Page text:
Homosexual Bigotry: deeper than religion

In both his 1907 novel,  “The Secret Agent” and his 1899 novel “The Heart of Darkness” (1899), Joseph  Conrad criticizes the human animal.  Concerning “The Secret Agent”, John Gray (see my prev. post), tells us that Conrad conveys his belief that:

“… not only government is tainted by criminality.  All human institutions – families and churches, police forces and anarchists — are stained by crime.  Explaining human nastiness by reference to corrupt institutions leaves a question:  why are humans so attached to corruption?  Clearly, the answer is in the human animal itself.”– Silence of Animals, John Gray

Homosexual Bigotry: religious & secular

GayWedA few years ago, a refreshingly vocal lesbian colleague of mine (an emergency medicine physician), was ranting against religious gay bigotry — she has had the same -sex partner for the last 15 years.

This physician did not know me well at that time, so I shocked her by apparently defending religion.  Well, it seemed like a defense when I started my reply to her rant.  You could see the righteous fire in her eyes when I replied:

“Communist atheist China has a huge code of hatred against homosexuals.  It ain’t just religion that hates homosexuals, it is far deeper than that:  All of humanity reflexively hates gays.  It is, dishearteningly, a worse battle than you portray.”

Gray’s comment about Conrad reminded me of the point I was try making to make to my colleague back then.  Fortunately, she understood my point, and smiled in relief but shook her head saying, “Damn, you are right.”

Indeed, recently we see atheist Russia making anti-gay legislation again (see this conservative site’s eval).  Some atheists claim this Russian law is due to the pernicious presistent influence of Orthodox Christian bigotry in Russian culture, but I think Orthodoxy simply gave a stamp of approval to a bigotry that existed even before the church.  The  anti-gay bigotry exists at a non-religious level.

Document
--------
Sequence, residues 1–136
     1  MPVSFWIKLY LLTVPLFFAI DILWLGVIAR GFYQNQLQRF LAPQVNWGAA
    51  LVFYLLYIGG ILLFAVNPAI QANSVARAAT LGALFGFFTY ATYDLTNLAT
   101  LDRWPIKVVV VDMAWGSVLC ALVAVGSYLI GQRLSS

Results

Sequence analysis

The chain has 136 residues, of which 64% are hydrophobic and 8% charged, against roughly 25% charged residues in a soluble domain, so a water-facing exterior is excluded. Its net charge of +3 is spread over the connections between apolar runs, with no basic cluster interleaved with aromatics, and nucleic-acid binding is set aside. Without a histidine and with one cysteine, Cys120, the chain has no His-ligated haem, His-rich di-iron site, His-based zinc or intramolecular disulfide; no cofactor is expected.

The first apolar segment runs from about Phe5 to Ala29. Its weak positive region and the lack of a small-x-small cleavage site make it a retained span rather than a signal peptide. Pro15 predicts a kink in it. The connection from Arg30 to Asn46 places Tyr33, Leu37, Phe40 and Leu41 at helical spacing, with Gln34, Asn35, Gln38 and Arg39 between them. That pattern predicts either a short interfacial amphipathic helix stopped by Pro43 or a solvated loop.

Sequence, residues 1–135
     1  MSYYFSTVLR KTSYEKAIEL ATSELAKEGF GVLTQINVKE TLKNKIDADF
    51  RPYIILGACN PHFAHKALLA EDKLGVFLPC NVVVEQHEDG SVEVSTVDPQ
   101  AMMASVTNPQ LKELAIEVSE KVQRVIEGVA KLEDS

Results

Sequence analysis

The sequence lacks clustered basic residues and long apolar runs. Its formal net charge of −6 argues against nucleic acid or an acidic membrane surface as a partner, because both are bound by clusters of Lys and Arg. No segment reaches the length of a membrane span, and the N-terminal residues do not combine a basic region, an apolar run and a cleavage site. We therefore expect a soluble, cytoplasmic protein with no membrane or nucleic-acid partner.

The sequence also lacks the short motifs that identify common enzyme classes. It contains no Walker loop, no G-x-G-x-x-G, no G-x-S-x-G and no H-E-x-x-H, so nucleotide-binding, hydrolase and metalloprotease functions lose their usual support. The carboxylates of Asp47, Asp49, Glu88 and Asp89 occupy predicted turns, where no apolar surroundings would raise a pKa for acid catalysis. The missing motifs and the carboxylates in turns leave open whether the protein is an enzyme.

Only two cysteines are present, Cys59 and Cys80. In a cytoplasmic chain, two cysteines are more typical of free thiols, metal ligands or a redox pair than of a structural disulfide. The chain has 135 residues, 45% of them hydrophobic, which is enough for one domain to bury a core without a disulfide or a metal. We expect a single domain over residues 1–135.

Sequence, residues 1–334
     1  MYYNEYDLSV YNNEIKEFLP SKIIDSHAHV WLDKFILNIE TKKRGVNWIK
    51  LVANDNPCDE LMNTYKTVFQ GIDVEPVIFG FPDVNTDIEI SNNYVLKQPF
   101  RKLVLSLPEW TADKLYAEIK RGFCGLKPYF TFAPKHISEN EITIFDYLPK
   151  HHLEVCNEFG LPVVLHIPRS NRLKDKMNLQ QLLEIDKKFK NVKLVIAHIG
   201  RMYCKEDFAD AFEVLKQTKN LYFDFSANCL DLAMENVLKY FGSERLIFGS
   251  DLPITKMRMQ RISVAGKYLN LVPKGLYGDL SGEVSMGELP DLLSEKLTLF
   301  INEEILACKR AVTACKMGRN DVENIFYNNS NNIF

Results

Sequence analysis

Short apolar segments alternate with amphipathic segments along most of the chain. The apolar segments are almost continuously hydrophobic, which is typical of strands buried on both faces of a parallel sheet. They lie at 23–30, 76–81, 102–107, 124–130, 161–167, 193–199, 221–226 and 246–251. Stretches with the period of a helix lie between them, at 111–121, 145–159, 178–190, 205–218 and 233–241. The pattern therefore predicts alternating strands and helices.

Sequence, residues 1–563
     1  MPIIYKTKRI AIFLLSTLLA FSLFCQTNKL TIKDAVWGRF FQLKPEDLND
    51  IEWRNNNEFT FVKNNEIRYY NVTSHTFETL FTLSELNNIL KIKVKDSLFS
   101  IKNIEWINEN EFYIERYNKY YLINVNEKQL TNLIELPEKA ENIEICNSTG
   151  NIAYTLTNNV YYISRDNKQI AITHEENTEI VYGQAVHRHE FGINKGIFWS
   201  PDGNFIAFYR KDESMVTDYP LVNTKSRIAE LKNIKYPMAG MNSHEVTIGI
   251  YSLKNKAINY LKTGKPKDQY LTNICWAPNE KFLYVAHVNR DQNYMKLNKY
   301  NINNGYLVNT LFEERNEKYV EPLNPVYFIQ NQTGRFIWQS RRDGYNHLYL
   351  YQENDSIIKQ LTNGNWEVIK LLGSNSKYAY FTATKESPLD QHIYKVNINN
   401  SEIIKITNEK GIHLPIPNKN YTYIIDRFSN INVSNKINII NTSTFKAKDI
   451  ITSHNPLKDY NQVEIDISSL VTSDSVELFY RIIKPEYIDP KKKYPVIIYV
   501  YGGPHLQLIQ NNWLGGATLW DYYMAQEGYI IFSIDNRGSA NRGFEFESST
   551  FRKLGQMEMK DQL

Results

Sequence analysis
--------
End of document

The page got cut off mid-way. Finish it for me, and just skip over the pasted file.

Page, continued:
Why Religious Bigotry is Worse

Bigotry is horrible where ever it lives, but when re-enforced by religion it gains a new dimension of horror using “sanctimony” (see this post).  When you call something sacred, you do so to shut down communication by capitalizing on nasty taboo modules in the human mind.  “Sanctimony” is one of  the aspects of religion worth fighting.


It is my hope that pointing to deeper causes may help all people concerned in this issue.  May the human animal’s danger be addressed from all angles.


Filed under Philosophy & Religion

6 responses to “Homosexual Bigotry: deeper than religion

  1. practiceofzen

    Sabio – Your astute comments bring to mind “The Heart of Darkness,” particularly Kurtz’s “The horror, the horror!” If I understand him correctly, Conrad is a direct descendent of Jonathan Swift, whose benevolent Brobdingnagian king describes the bulk of humankind as “the most pernicious race of little odious vermin that nature ever suffered to crawl upon the surface of the earth.” For Swift, religious bigotry was little more than a pretext for an underlying evil. Do you share his “savage indignation”?

  2. You had me at the Joseph Conrad references.

    You raise an interesting point: I must confess I was not aware of the state of gay rights in China, but it seems depressingly similar to the state a lot of places are. It’s that instinctive, gut-instinct we’ve been trying so unsuccessfully to shake off for centuries. Religious institutions that demonise homosexuals do indeed present a bigger issue in this debate, though, you are quite right.